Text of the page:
2. You’re going to suck. I knew this, but as a self-confessed perfectionist, I really wanted to make episode 1 as amazing as I could make it. And when I released it, I was so proud … I had never heard anything more beautiful. It’s funny, because now that I have a year of experience under my belt, I listen back and cringe. You’re going to suck, and you won’t even know it until later. Best to just get into it and learn to make it better over time.
3. Prepare for your shows before hitting record. In some of my earlier episodes, I completely winged the show. Listen back to episode 1, it’s pretty horrible to listen to. I didn’t do a good job of guiding the conversation. I asked the same question over and over, just in different ways. And I didn’t help my guest relax (sorry Jayden!). All in all, I was just inexperienced. Over time, I’ve learned to get better at preparing for my shows before the day of the interview. I write a rundown of topics we’re going to discuss which helps loosely guide the conversation, but it also gives the guest some peace-of-mind about what to prepare for. Whilst we’re on this topic …
4. Get your show format right. I’m still learning about this, and I got some feedback from a guest recently which helped me understand. The value of my show is it’s a fun, conversational interview with an interesting guest. In some of my episodes, I tried to be too serious and grilled some of my guests. I think this was a manifestation of me over-preparing for my shows and trying to stick too much to the run-sheet. Instead, I should have listened to what my audience was telling me. People were enjoying the conversational style interview better.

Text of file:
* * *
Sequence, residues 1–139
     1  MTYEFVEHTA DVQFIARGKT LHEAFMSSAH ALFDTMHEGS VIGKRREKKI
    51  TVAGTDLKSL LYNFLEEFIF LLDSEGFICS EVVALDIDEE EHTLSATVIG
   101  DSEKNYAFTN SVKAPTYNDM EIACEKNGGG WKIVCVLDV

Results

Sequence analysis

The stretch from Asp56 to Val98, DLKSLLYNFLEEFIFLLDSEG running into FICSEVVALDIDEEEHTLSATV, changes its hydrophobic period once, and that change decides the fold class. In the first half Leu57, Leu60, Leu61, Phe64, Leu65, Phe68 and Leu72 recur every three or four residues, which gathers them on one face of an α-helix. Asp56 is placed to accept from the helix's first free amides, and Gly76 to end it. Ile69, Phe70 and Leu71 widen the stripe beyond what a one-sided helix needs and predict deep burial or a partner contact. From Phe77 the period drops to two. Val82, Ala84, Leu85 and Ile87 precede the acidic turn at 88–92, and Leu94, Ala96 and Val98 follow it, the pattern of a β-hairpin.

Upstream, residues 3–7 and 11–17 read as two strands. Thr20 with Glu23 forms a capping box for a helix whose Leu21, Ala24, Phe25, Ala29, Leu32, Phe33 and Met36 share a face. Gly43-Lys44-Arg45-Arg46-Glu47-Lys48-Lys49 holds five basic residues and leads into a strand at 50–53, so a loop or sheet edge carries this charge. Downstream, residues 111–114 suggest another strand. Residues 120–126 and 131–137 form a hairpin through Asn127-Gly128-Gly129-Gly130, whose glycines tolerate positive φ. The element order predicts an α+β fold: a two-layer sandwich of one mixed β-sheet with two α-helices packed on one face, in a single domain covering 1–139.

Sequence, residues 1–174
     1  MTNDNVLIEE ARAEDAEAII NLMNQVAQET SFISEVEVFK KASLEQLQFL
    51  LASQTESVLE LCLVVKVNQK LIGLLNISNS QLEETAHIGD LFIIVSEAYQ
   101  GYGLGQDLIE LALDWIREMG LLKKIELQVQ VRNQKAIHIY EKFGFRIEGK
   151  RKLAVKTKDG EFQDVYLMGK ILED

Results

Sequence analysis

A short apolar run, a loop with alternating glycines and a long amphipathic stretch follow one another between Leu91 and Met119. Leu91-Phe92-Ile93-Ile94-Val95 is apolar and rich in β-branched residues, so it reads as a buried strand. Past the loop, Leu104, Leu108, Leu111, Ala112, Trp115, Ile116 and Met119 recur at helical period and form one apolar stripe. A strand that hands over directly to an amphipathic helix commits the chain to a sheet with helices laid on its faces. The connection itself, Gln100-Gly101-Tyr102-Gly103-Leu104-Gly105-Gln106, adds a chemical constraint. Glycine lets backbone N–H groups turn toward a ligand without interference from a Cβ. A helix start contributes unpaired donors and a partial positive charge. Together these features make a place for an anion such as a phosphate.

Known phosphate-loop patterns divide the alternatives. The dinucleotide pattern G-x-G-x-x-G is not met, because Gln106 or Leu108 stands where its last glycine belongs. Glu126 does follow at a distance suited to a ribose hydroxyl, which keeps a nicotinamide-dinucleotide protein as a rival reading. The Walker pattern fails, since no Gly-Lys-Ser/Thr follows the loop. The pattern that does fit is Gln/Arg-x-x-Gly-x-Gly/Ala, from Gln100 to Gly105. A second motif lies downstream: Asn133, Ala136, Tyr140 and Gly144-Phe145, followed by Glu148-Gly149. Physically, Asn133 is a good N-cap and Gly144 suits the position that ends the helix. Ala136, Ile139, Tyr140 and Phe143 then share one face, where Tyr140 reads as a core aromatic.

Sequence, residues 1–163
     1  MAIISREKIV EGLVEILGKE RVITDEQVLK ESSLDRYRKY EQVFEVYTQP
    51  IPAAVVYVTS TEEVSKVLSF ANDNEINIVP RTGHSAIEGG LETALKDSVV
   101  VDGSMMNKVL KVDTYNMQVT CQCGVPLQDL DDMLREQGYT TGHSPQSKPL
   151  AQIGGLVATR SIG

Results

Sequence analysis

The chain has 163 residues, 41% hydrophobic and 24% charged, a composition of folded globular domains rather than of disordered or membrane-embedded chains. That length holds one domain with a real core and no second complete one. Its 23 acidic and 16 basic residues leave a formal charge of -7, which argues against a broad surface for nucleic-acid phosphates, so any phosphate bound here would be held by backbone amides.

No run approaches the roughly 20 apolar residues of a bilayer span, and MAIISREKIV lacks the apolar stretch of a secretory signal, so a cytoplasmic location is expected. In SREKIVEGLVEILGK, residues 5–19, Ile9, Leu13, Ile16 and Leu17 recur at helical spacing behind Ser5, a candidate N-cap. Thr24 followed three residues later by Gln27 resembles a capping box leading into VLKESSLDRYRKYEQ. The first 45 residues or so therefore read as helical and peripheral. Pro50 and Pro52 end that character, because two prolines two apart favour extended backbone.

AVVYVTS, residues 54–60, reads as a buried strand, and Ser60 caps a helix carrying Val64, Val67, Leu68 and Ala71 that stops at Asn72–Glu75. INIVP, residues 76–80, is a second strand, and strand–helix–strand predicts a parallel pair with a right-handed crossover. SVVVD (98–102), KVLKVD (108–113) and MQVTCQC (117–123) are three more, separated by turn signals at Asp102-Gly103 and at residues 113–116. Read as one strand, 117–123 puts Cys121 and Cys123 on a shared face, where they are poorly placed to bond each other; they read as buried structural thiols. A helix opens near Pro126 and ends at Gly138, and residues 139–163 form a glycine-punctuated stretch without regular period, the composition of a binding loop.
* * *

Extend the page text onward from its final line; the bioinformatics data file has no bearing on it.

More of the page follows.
5. Conducting a good interview is hard work. One of my guests (ahem, Bob Knorpp) said that interview shows are the laziest type of podcasts, because it puts all of the pressure on the guest to provide the good content. That may be true if you’re shit at interviewing, but to get the most of your guest and help make them shine, you need to learn how to conduct a good interview. I’m still learning how to do this, but I’m much better today than I used to be. A good interview should sound less like a Q&A and more like a conversation. Plus, the interviewer should help the subject feel safe and comfortable so they can deliver their points confidently. Also, the interviewer should set the tone of the show. If you’re after comedy, set the scene early so the guest can play into that. If you’re after something serious, give the guest a framework for how the show will run. Finally, a good interviewer gives the guest ideas to bounce off. In fact, I try to offer a lot of my own opinions about the topics we speak about. Sometimes I even take a contrarian view just for the sake of making a fun debate which will be interesting to listen to.